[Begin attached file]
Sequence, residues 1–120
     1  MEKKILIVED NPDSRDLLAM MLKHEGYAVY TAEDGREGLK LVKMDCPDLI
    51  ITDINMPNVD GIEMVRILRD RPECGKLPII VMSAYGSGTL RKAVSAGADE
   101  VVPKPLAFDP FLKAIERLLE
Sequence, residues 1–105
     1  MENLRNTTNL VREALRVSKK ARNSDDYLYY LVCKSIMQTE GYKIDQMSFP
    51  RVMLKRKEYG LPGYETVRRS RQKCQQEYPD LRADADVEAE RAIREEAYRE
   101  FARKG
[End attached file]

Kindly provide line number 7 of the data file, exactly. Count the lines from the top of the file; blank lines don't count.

    51  RVMLKRKEYG LPGYETVRRS RQKCQQEYPD LRADADVEAE RAIREEAYRE